Clearly, as recent overseas events have shown, hacking into someone's phone in order to hear their personal messages is wrong. And, if you are a tabloid journalist, it is doubly wrong because: (a) it is morally wrong to invade someone's privacy like this; and (b) you are a tabloid journalist. As for those who hack into the phones of the families of murder victims, that is a whole other level of wrong, way off any known scale of wrongness.
But the whole sorry saga of the News of the World did get me wondering what could be learned should they choose to hack into my phone. No, I am not a celebrity or a politician nor, thankfully, a member of a family associated with some heinous but newsworthy tragedy, so I guess I'm pretty safe on this front. But I still can't help but muse on what sort of tabloid muck the tabloids could rake up, from poking around in the depths of my iPhone.
Most of the text messages I send and receive are along the lines of "at the office, be a bit late home", to which, especially on a Friday, a standard reply might be "no food in house, can you bring something home?" Could a tabloid hack worth their salt who happened to hate me and was also hacking my phone at the time, turn this, I wonder, into a story with one of those shrieking headlines along the lines of "COLUMNIST'S FAMILY STARVES BECAUSE HE'S ' AT THE OFFICE".
Or possibly the very fact I am bringing takeaway food home could be the catalyst for the story: "COLUMNIST ADDS TO OBESITY EPIDEMIC THROUGH FRIDAY NIGHT JUNK FOOD BINGES" - with a picture of me, taken from a car across the road, of me carrying my fish and chips, And what if, while I'm picking up the fish and chips I get another message that says "oh, and bring wine"? If I pop into a bottle store and come out carrying a bottle in a paper bag, will the next story have a picture of me carrying the wine and carry the headline "COLUMNIST DENIES ALCOHOL PROBLEM"? And I will have done, because when the tabloid journalist has rung me up and asked me if I have an alcohol problem I've said "no", which is how the truth plays into their nasty tabloid hands.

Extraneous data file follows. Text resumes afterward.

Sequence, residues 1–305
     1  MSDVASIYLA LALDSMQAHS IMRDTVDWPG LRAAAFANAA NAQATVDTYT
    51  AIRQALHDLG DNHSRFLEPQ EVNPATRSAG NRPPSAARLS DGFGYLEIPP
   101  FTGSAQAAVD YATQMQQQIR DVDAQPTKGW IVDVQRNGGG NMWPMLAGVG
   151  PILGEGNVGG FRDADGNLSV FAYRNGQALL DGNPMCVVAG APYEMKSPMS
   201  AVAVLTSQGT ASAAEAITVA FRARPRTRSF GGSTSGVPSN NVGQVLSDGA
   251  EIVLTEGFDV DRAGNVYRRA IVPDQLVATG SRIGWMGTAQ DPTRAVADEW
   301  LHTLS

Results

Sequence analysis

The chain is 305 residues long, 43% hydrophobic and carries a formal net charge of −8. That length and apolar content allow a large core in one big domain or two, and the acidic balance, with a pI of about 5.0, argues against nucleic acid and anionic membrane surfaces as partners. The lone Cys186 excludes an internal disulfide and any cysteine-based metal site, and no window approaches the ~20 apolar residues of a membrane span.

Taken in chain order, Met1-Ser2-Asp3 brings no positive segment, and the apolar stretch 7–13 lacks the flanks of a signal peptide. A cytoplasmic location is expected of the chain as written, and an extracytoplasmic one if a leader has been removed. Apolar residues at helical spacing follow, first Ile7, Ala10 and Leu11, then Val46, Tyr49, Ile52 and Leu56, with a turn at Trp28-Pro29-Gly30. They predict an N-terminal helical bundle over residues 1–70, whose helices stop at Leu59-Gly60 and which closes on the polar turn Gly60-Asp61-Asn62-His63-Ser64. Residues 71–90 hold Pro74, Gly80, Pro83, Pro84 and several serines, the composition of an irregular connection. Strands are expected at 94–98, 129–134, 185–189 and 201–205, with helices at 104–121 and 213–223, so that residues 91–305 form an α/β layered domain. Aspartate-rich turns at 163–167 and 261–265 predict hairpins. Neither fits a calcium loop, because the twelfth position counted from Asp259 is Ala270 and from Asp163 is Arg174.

So I strike back by writing a column denying I have an alcohol problem. But then they strike back by printing the photo of me with the bottle again, with the headline: "SO WHAT'S IN BAG THEN, MR GRIFFIN?" To which I then write a facetious column saying just because I am carrying wine doesn't mean I have an alcohol problem. But because I'm getting angry about the continued invasion of my privacy, I write something stupid like "what do you think I'm carrying, a bottle-shaped bag of P?"
And, of course, the tabloids are all over this in a flash with a story along the lines of "ALCOHOLIC COLUMNIST THINKS P-EPIDEMIC FUNNY", which no matter how much I try to deny and to put into context just digs a deeper hole for me. So in the end I hide in my "COLUMNIST'S MILLION-DOLLAR GREY LYNN MANSION" (which is news to both the bank and all the real estate agents in the neighbourhood) playing Angry Birds on my iPhone - which, of course, the tabloids know about because they've hacked my phone and put into a story with the headline "ANGRY BIRDS FOR AN ANGRY MAN".
And then, because I've dropped off the radar, the tabloids, enlist Michael Laws to harangue me on the radio as the sort of arty-farty intellectual who epitomises everything that is wrong with this country (which is news to everyone who knows me, especially the "intellectual" bit). Then they start attacking anything and everything that turns up in my phone. If I get a message from Video-Ezy about an overdue DVD, suddenly it's "WHEN 'TRUE GRIT' TURNS TO TRUE HEARTACHE", which is a sob piece about a family who missed out on watching an excellent Coen brothers film because of my selfishness in returning it late.
And then, if I'm lucky enough to get invited to the opening of Auckland's new Q Theatre, the headline reads "AFTER THE P COMES THE Q FOR WIDELY-DESPISED COLUMNIST", which is definitely not the publicity they're after on opening night and the box-office suffers as a result.
You see? From a simple meal of fish and chips, to being hated by the entire Auckland arts community. It's a slippery slope, this phone-hacking business.